A – Z of Illnesses & Conditions

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Sleepwalking: Sleepwalking is classified as a parasomnia that is an undesirable behaviour or experience during sleep. Sleepwalking involves getting up and walking around while asleep. Most common in children between the ages of 4 and 8, sleepwalking often is a random event that does not signal any serious problems or require treatment. However sleepwalking can occur at any age and may involve unusual, even dangerous behaviours such as climbing out a window or urinating in closets or trash cans.

The exact cause of sleepwalking is unknown, but it seems to run in families. You're more likely to sleepwalk if one or both of your parents have a history of sleepwalking or night terrors. The following factors can trigger sleepwalking or make it worse:
  •     sleep deprivation
  •     fatigue (extreme tiredness)
  •     stress and anxiety
  •     fever 
  •     drinking too much alcohol
  •     taking recreational drugs 
  •     certain types of medication, such as some hypnotics
  •     being startled by a sudden noise or touch and waking from deep sleep, or waking from deep sleep to pass urine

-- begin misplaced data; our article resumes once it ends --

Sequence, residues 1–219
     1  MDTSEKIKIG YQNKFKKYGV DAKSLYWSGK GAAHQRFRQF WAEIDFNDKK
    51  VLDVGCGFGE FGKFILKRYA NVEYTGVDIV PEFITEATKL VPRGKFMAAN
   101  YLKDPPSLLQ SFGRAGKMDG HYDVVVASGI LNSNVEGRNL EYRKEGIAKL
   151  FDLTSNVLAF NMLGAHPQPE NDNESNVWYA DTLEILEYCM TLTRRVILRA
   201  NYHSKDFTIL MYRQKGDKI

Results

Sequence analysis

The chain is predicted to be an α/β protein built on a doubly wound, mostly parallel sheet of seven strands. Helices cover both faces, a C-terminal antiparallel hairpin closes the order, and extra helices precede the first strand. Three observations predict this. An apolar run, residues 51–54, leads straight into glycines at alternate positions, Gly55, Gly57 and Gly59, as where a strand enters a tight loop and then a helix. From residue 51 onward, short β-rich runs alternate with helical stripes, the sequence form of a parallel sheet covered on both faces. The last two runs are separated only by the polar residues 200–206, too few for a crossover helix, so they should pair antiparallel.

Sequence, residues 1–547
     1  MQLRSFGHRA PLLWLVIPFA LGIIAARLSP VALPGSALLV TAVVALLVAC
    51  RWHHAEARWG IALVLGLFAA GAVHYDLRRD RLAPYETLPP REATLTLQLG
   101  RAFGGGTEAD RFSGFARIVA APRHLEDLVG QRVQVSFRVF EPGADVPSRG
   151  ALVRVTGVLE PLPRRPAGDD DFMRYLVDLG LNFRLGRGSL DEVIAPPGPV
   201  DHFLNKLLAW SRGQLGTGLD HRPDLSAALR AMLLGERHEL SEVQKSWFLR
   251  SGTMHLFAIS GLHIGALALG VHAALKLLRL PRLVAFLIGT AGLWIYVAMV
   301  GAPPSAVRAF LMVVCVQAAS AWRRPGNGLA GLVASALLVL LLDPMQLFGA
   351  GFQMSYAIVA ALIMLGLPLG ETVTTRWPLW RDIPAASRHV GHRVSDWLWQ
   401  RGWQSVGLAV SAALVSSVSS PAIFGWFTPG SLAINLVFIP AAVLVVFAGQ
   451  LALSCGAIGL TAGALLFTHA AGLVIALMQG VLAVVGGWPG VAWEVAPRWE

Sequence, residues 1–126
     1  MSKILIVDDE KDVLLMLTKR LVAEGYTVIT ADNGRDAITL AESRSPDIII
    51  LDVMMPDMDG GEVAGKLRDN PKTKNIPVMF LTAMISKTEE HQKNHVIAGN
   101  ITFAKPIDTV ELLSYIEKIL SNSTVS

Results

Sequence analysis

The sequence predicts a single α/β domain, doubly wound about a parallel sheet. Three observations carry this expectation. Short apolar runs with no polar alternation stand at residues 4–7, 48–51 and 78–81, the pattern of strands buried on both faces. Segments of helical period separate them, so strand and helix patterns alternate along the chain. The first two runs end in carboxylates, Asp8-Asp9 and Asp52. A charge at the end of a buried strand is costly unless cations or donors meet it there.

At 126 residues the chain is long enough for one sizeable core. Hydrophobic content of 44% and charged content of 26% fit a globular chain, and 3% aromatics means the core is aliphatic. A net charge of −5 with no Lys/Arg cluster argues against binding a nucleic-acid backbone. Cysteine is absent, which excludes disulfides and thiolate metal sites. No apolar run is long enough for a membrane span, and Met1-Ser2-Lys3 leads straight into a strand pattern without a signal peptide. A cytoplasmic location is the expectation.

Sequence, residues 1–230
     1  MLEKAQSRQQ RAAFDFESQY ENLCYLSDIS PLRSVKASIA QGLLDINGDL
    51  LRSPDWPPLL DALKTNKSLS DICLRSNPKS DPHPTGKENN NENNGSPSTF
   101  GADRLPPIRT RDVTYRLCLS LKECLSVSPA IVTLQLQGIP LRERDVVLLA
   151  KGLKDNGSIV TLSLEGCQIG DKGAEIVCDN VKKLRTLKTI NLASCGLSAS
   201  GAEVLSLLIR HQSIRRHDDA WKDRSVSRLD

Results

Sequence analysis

There's no specific treatment for sleepwalking, however taking steps to prevent these triggers, such as getting enough sleep, doing activities to relieve stress and relaxing before going to bed will help. 

Preventing accidents: It's important to keep the areas of your home where a person may sleepwalk free of breakable or potentially harmful objects, and to remove any items they could trip over. It's also a good idea to keep windows and doors locked. If your child sleepwalks, don't let them sleep on the top bed of a bunk bed. You may also want to fit safety gates at the top of the stairs.

Occasional sleepwalking episodes don't need further assessment. It's only necessary to seek medical help if the number of sleepwalking episodes increases, or if the behaviour leads to dangerous activities that risk injury to the person sleepwalking or to others.

See Night Terrors


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